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Mirena Perforation Led to Sepsis, Claims California Plaintiff

Mirena uterine perforationA California woman is suing Bayer Healthcare Pharmaceuticals after allegedly suffering permanent injuries from the company’s Mirena intrauterine device (IUD). Plaintiff Zabrinah Brown claims that after just one year of receiving the popular birth control device at a Kaiser Santa Clara office in 2014, the Mirena spontaneously migrated, causing a host of health complications that are likely to cause future physical and financial hardships.

She is suing the drug and device maker on counts of:

  • Negligence
  • Manufacturing and design defects
  • Failure to warn
  • Strict liability
  • Breach of express and implied warranties
  • Negligent misrepresentation
  • Fraud by concealment
  • Fraudulent misrepresentation

Her Mirena lawsuit is demanding compensatory damages in excess of $75,000 and was filed in the United States District Court for the Northern District of California on September 22, 2015.

Mirena IUD migration leads to injuries

Brown contends that the placement of the IUD, which was used in its intended manner, caused her to suffer a number of life-threatening side effects and injuries, including:

  • Excruciating pelvic pain
  • High fever
  • Chills
  • Embedment of the IUD
  • Uterine perforation
  • Surgical intervention
  • Sepsis requiring hospitalization
  • Extensive medical treatment
  • Mental anguish
  • Diminished quality of life

According to the complaint, approximately one year after insertion, the Mirena IUD migrated within the plaintiff’s body, puncturing her uterus and causing a rampant infection, sepsis and respiratory failure.

On March 7, 2015, Brown was admitted to the hospital for surgical removal of the Mirena device, where she remained through April 7, 2015. Surgical intervention was necessary to address the embedment, perforation and sepsis allegedly resulting from the Mirena, asserts the complaint. Brown argues that these complications have caused her extreme physical pain and lingering health issues that are likely to continue.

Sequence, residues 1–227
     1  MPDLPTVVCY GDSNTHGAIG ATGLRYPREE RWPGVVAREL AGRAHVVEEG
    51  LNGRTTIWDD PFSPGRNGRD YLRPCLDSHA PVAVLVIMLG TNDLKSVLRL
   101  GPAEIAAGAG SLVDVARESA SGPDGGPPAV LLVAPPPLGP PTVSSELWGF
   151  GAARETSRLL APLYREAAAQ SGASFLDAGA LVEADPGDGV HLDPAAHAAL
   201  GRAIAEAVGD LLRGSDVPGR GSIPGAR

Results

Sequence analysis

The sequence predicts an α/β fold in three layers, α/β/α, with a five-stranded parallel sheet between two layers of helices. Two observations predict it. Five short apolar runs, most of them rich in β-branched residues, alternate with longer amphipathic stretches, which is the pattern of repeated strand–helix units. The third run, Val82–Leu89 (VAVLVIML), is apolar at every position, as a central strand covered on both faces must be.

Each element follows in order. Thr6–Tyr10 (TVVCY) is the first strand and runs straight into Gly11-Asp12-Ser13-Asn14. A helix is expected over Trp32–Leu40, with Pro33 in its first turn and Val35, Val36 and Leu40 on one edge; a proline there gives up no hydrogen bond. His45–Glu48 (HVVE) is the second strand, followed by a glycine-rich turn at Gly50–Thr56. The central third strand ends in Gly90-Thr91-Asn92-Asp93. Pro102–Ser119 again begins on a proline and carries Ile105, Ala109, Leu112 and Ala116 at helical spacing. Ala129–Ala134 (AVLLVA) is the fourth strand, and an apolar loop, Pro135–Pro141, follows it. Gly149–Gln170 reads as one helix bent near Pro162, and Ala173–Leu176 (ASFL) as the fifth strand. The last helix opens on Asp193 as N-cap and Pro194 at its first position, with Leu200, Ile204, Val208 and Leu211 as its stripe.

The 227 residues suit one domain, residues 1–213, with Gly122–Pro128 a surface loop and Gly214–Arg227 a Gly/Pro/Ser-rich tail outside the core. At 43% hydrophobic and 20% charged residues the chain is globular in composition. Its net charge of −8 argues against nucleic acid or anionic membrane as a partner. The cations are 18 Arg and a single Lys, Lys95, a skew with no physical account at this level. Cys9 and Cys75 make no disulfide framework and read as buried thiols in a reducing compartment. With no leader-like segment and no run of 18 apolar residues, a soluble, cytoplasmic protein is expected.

Defendants accused of misleading advertising

Mirena litigation in the United States and abroad has been filed on the basis that Bayer allegedly breached its duties to consumers by providing false or misleading information regarding its birth control device.  In this case, Brown states that she “reasonably believed the defendant’s representations and relied on the accuracy of those representations when agreeing to treatment with Mirena.”

Had she known of the potential risks and side effects associated with Mirena, Brown claims she would have chosen an alternative method of birth control.

The complaint charges that Bayer knew or should have known that the Mirena was linked to a risk of perforation, migration and related infections but negligently failed to warn the public and the medical community about these risks. The lawsuit specifically cites information provided in Bayer’s “Simple Style” ad campaign, in which the defendants intimated that Mirena use could help women “look and feel great.”

These claims were called into question by the Human Services Division of Drug Marketing, Advertising, and Communications (DDMAC), which labeled the assertions unsubstantiated. In reality, Mirena side effects include acne, breast pain or tenderness and weight gain, yet the Simple Style script omitted this information as well as the risk of miscarriage if a patient becomes pregnant while using the device.

Brown’s lawsuit may be transferred to the Mirena multidistrict litigation (MDL) currently underway in New York federal court, where over 1,000 complaints allege similar injuries and financial losses.

  1. Food and Drug Administration (FDA), Mirena (levonorgestrel-releasing intrauterine system) July 2008
  2. Human Reproduction, Intrauterine contraception: incidence and factors associated with uterine perforation--a population-based study